In Campo Ma’an for example, the pressure from hunting increased to about 50-60 percent. In certain landscapes, statistics show a loss of 150 km2 of forest. In some sites, the Chimpanzee population has reduced by 36 percent. The Elephant population reduced in 8 years to 65 percent. Very alarming compared to 66 percent in Africa for over decades, showing that the pressure is enormous. A study in 2013, showed that in a period of ten years, in 30 sites, there was a reduction of 63 percent of the chimpanzee population.

Experts say degradation, loss of habitat, exploitation of forest, mining, introduction of invading species, pollution and climate change are responsible for the reduction.

“The Living Planet Report highlights the threats of the Congo Basin in terms of loss of forest cover, wildlife, biodiversity and attempts to attract the attention of policy makers, the public on the need to take action to reverse the curve. Globally, 10million forest cover is lost every year and it huge. In the Congo Basin, one million hectares is lost every year. Though it might seem lower than the average, it is still very important considering all the services-economic, environmental and cultural provided by the forest,” Belmond Tchoumba WWF Forest Programme Coordinator for  Central Africa said.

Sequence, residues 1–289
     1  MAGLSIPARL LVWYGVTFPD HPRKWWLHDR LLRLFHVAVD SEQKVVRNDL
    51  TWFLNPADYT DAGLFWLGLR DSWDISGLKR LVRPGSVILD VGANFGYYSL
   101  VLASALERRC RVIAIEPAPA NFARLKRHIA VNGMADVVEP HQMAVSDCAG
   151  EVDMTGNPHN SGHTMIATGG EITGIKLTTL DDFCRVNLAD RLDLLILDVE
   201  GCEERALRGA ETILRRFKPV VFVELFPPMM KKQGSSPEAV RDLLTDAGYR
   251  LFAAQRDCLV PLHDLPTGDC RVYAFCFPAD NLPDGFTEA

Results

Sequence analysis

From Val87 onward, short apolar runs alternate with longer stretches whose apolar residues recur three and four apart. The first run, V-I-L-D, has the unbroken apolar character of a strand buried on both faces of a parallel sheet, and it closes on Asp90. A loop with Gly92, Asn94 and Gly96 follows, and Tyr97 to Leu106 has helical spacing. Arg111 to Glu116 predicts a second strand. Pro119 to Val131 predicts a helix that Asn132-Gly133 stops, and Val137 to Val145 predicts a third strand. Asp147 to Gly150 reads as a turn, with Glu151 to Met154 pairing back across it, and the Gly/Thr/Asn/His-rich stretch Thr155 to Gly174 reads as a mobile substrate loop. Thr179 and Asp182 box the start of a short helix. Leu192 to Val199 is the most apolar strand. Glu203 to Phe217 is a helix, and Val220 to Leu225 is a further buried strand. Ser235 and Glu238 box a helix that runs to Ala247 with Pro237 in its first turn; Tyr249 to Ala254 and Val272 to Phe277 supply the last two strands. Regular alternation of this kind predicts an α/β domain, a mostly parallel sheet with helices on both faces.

Belmond Tchoumba

Reversing the current situation will only produce the desired results if consumption and production is halved by 2030.

Experts agree on the need to tackle the causes of biodiversity loss and adopt sustainable practices in agriculture, food systems, fishing, forestry, energy, mining, infrastructure and construction.  

Government needs to engage with ambitious and consumption measures in the sector. With COP15 this year, the global strategy is to mobilize resources to finance for positive results for nature.

Also, increase financing towards developing and eliminate poor incitation as this is money biodiversity generates for the society and the economy.

Sustainable management of the Tri-national, Dja, Minkebe-Odzala, between Cameroon, Gabon, and the Republic of Congo; support to indigenous people is also partial solution to safeguard the Congo Basin.

Dr Peter Mbile, WWF Field Programmes Coordinator suggests a wholistic approach. “The Congo Basin usually refers to the high or massive forest of the countries that constitute the Congo Basin, but it is important to remember that within the countries, there are parts which are not typically forest-though Cameroon has defined forest to occupy the entire national territory.”

Dr Peter Mbile, WWF Field Programme Coordinator

The Congo Basin ignores the dry areas of Cameroon, DRC and they must be considered. Mbile says if citizens of the dry and degraded areas lose their livelihoods because of landscape degradation, loss of biodiversity, soil no longer fertile, they will go to the South where there is the Congo basin and probably clear for agriculture.